Archive for the ‘India Domestic & Economy’ Category

India and its South Asian Neighbors: Where does the U.S. Fit In?

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Read my article in the Brookings U.S.-India Policy Memo, January 20, 2015.

In seven months in office, Prime Minister Narendra Modi has established himself as a decisive player in his immediate region, willing to turn on the charm but determined to maintain India’s primacy. His summits with the United States, Russia and the large East Asian powers have had a pronounced economic flavor, and Modi is encouraging these countries to compete with one another for India’s favor. He has made himself the central personality in all these relationships.

Modi sees no U.S. role in India-Pakistan relations. President Obama should draw Modi out on how India expects to exercise the leadership role it seeks, especially on the future of Pakistan, Bangladesh and Sri Lanka.

Read the full article.

Read all the articles in the Policy Memo.

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India and the WTO: A Reprieve

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November 13, 2014: The announcement November 13 that India and the United States had agreed on a potential resolution of the dispute that threatened the future of the World Trade Organization was very welcome indeed. One of the comments that appeared on Twitter soon after the announcement was succinct: “Champagne?” The real answer is: no – a nice cup of tea would be more fitting. It will take some work to reverse the damaging impact of the four-month standoff that preceded it, and avoid a repeat.

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Modi in America:Economics as Strategy

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Narendra Modi’s first official visit to Washington was set up before he had even been sworn in as prime minister, in a personal congratulatory phone call from President Obama. It was scheduled during the U.N. General Assembly, a significant and deliberate exception to the U.S. practice of avoiding Washington summits during General Assembly season. Especially after the 9 year freeze in Washington’s dealings with Modi, this was a good start, made better by the hope and determination both sides brought to the task.

Now, he and his American hosts need to energize their economic relationships on the way to setting some more ambitions strategic goals. Read the rest of our article in the Times of India, September 26, 2014.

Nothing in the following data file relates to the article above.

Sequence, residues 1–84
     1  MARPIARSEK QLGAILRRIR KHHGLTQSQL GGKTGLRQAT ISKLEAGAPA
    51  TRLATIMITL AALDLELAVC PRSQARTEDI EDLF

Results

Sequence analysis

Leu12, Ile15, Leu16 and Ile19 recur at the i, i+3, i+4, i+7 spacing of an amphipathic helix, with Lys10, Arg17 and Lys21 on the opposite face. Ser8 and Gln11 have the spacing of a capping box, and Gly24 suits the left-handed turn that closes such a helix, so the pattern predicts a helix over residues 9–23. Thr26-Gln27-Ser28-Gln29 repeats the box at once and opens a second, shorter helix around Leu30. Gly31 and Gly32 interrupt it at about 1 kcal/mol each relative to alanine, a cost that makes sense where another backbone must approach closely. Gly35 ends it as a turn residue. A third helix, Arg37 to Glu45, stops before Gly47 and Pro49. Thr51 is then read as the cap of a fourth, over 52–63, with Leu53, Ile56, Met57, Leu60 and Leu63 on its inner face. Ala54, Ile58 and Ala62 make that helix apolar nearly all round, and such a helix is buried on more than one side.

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Modi’s India: A View from Washington

(This article is adapted from remarks by Teresita Schaffer to the International Institute of Strategic Studies, Oslo, September 20, 2014.)

Photo from flickr, https://www.flickr.com/photos/narendramodiofficial/14811184928/

Indian Prime Minister Narendra Modi’s visit to Washington gives us an opportunity to look at the reasons the U.S. considers its relations with India strategic, and to reflect on how India-U.S. ties fit into India’s – and Modi’s – vision of India’s role in the world. The two visions still fit together a bit awkwardly, but this is a critical opportunity to continue the quest for better ways to work together. Read more

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Starting Strong: Modi’s First Month

Modi swearing-in, https://www.flickr.com/photos/presidentrajapaksa/14278130922/

June 19, 2014: The first thirty days after Narendra Modi’s swearing-in as Indian prime minister set a breathtaking pace. The new government – and Modi personally –dominated the news and the action agenda. The strong centralization and detailed emphasis on economic revitalization were expected; the burst of high profile foreign policy initiatives was not. A month is a short time for drawing sweeping conclusions, but so far, Modi has been remarkably successful in creating excitement about his initiatives, and an air of inevitability about his determination to follow through. His challenge will be to maintain focus and discipline in his exuberant party, and to deal with soaring expectations.

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India: Huge Election Shakeup